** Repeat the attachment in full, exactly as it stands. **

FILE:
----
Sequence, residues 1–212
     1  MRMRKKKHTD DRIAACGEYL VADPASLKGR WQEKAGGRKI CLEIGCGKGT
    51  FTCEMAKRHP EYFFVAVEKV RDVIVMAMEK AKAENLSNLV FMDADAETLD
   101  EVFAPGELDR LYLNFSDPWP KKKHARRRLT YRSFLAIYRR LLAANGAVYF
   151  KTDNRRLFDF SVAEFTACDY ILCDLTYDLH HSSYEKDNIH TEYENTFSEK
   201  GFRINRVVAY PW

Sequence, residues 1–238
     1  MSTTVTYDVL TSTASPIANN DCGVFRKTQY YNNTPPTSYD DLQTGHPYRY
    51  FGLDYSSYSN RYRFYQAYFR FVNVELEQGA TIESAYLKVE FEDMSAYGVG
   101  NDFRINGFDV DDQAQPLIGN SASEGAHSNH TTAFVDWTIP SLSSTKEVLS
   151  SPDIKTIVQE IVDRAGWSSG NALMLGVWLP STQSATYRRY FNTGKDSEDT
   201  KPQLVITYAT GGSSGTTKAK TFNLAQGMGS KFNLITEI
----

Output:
Sequence, residues 1–212
     1  MRMRKKKHTD DRIAACGEYL VADPASLKGR WQEKAGGRKI CLEIGCGKGT
    51  FTCEMAKRHP EYFFVAVEKV RDVIVMAMEK AKAENLSNLV FMDADAETLD
   101  EVFAPGELDR LYLNFSDPWP KKKHARRRLT YRSFLAIYRR LLAANGAVYF
   151  KTDNRRLFDF SVAEFTACDY ILCDLTYDLH HSSYEKDNIH TEYENTFSEK
   201  GFRINRVVAY PW

Sequence, residues 1–238
     1  MSTTVTYDVL TSTASPIANN DCGVFRKTQY YNNTPPTSYD DLQTGHPYRY
    51  FGLDYSSYSN RYRFYQAYFR FVNVELEQGA TIESAYLKVE FEDMSAYGVG
   101  NDFRINGFDV DDQAQPLIGN SASEGAHSNH TTAFVDWTIP SLSSTKEVLS
   151  SPDIKTIVQE IVDRAGWSSG NALMLGVWLP STQSATYRRY FNTGKDSEDT
   201  KPQLVITYAT GGSSGTTKAK TFNLAQGMGS KFNLITEI